Venus flytrap

GaryE

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I have a bit of a fungus gnat problem in my white worm cultures for my fish, and since my fishroom is out in a garage, I haven't wanted to go scorched earth and restart them from zero. It seems there are always a few getting stuck on the sticky traps I have in my terrestrial plants, but they are more or less under control.
But yesterday, I saw a venus flytrap in a plant sale/clearance, and I bought it.
It should get the occasional meal with those gnats.

The room humidity runs at 60%, but I positioned it over a humidity source in bright sunlight. I water from the base. Any advice out there?
 

OnlyGenusCaps

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I'll second sundews, specifically Cape sundews or one of the binata/multifida plants. They are easy to grow (assuming standard CP culture techniques are followed), and can catch fungus gnats as well as fruit flies. If you are looking for something even easier, I would recommend one of the Mexican butterwort, a.k.a Mexi pings, as another option. They tend to do well with fungus gnats, but even fruit flies can be too large for them. Good luck!
 
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GaryE

GaryE

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Several of the traps are shut, so the fungus gnats are getting caught. Carnivorous plants are hard to come by around here. I have some research subjects here though. Thanks. This is something I have to learn more about.
 

WetPetMum

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I have a bit of a fungus gnat problem in my white worm cultures for my fish, and since my fishroom is out in a garage, I haven't wanted to go scorched earth and restart them from zero. It seems there are always a few getting stuck on the sticky traps I have in my terrestrial plants, but they are more or less under control.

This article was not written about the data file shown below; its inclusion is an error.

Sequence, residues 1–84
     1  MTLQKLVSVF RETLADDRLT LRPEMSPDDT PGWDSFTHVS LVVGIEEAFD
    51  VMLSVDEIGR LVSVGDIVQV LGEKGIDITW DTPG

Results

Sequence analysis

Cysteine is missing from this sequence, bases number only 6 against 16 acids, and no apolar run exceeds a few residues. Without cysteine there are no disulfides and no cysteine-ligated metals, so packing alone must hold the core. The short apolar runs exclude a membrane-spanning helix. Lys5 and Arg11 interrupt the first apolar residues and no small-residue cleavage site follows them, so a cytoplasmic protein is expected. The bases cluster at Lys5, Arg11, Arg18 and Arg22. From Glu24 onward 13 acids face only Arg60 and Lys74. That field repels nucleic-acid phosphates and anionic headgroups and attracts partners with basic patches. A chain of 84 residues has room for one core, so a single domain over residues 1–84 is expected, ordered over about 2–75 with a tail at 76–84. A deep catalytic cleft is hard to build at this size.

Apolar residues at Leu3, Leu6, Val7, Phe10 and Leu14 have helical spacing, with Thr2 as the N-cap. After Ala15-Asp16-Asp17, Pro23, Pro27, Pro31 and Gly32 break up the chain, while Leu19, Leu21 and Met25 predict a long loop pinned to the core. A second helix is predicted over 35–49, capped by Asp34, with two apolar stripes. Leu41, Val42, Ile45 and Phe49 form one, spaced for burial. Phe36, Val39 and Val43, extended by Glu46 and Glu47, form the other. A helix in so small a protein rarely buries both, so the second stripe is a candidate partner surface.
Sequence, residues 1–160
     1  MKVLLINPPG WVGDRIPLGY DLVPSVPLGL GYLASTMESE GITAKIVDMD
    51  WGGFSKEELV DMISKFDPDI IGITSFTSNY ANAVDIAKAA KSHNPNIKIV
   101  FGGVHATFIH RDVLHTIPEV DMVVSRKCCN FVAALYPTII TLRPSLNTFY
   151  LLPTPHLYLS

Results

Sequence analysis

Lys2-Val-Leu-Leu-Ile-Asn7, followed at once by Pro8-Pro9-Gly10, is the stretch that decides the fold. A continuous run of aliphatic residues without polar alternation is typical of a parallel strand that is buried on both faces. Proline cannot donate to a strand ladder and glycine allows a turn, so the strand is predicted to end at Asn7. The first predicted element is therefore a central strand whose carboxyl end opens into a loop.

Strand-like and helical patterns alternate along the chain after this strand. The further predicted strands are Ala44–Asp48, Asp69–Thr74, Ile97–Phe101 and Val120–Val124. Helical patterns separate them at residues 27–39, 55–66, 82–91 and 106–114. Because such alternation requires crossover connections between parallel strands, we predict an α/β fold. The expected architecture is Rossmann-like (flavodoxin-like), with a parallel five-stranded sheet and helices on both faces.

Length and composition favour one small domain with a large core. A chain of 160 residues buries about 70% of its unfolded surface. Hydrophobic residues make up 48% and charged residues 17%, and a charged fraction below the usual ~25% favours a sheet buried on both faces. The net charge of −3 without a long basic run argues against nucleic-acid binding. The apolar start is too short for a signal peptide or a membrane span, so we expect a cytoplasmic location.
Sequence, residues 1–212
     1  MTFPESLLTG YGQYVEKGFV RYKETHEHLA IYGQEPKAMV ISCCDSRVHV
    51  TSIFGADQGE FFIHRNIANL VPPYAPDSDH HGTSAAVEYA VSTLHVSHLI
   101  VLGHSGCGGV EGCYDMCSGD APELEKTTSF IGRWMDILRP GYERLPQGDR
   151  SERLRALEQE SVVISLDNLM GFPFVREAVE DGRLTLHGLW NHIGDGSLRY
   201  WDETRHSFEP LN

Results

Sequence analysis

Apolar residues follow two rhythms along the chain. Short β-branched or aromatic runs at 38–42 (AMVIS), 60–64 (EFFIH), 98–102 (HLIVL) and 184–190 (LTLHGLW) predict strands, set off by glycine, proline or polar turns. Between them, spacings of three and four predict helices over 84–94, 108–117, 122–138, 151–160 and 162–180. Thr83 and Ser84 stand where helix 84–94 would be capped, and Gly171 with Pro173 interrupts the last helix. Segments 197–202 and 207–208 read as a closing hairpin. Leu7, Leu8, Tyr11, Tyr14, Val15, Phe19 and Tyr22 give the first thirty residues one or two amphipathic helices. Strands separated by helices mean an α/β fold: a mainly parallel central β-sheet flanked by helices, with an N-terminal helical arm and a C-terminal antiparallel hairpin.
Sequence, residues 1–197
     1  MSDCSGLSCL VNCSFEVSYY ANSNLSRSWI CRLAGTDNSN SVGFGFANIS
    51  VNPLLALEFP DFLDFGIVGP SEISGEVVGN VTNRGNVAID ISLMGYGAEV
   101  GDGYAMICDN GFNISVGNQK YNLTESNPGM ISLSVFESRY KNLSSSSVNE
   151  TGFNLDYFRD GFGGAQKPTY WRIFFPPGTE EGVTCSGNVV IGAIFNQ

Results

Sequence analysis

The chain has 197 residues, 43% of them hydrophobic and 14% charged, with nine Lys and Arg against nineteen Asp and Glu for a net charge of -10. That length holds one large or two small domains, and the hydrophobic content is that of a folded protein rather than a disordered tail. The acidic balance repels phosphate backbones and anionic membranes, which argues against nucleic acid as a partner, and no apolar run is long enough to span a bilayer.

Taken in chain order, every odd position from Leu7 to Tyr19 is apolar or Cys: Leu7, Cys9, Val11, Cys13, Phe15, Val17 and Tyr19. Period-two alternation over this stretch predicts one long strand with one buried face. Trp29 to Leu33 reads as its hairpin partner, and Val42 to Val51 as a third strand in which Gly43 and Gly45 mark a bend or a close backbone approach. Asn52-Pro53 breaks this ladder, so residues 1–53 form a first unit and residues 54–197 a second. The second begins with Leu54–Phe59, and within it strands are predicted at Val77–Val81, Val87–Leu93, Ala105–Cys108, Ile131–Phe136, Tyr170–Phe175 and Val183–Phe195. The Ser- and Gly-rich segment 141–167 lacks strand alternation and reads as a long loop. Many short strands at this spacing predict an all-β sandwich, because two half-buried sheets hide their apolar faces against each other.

But yesterday, I saw a venus flytrap in a plant sale/clearance, and I bought it.
It should get the occasional meal with those gnats.

The room humidity runs at 60%, but I positioned it over a humidity source in bright sunlight. I water from the base. Any advice out there?
My mum had one and had to give it distilled water :)
 

Uberhoust

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@GaryE, I keep a couple of sundews and venus flytraps. You have to look if the closed traps have anything in them. If they actually caught something the leave will develop a seal around the trap sides just below the teeth, but most often insects will trigger them and still get away. When the traps re-open the insect is still there except it no longer has any soft parts. I have found the cheap flytraps from even canadian tire are the most robust. This location sells fancy carnivorous plants, they are close to where I live, https://www.carnivorousplantstore.com/
My sundews catch mostly fruit flies, the venus flytraps catch the occasional house fly. This year in total the three venus flytraps I have only captured about 10 flys on their own. Venus fly traps have to go through a dormancy during the winter.
 
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GaryE

GaryE

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The plant I got is very small. 2 of the very small traps have sealed since I got it, so I assume it has caught something. Sundews will follow though.

How do I set it up to overwinter?

I'm right on the Atlantic coast - right across the country from you. But I will explore that shop in the Spring.
 

OnlyGenusCaps

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Several of the traps are shut, so the fungus gnats are getting caught. Carnivorous plants are hard to come by around here. I have some research subjects here though. Thanks. This is something I have to learn more about.
Perhaps unexpectedly, despite being an American I have a lot of connections to the CP growing community in Canada. If you want some help sourcing stuff, please feel free to DM me. Alternatively, hit up the forum for the Carnivorous Plant Society of Canada - it is honestly the nicest place on the Internet. I've known a bunch of the folks there for more than a decade, and they are wonderful!
 

Uberhoust

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I overwinter my venus fly traps on a window in the garage. The temp drops to 5 degrees C in the winter and it is a bit drier. I let the sphagnum in the pots get to just damp then put a loose clear plastic cover over the plants till the end of February to keep the evaporation down but still allow a bit of airflow. I then check on them from time to time. The venus flytraps will survive one or two years without a dormancy but will be happier with one.

My CanadianTire one I bought this spring is already bigger than the fancy cultivars I have had for a bit.

A disturbing aspect of Venus Flytraps is that the flies take a long time to die in the traps. I suspect they may be alive during the initial digestion phases.
 

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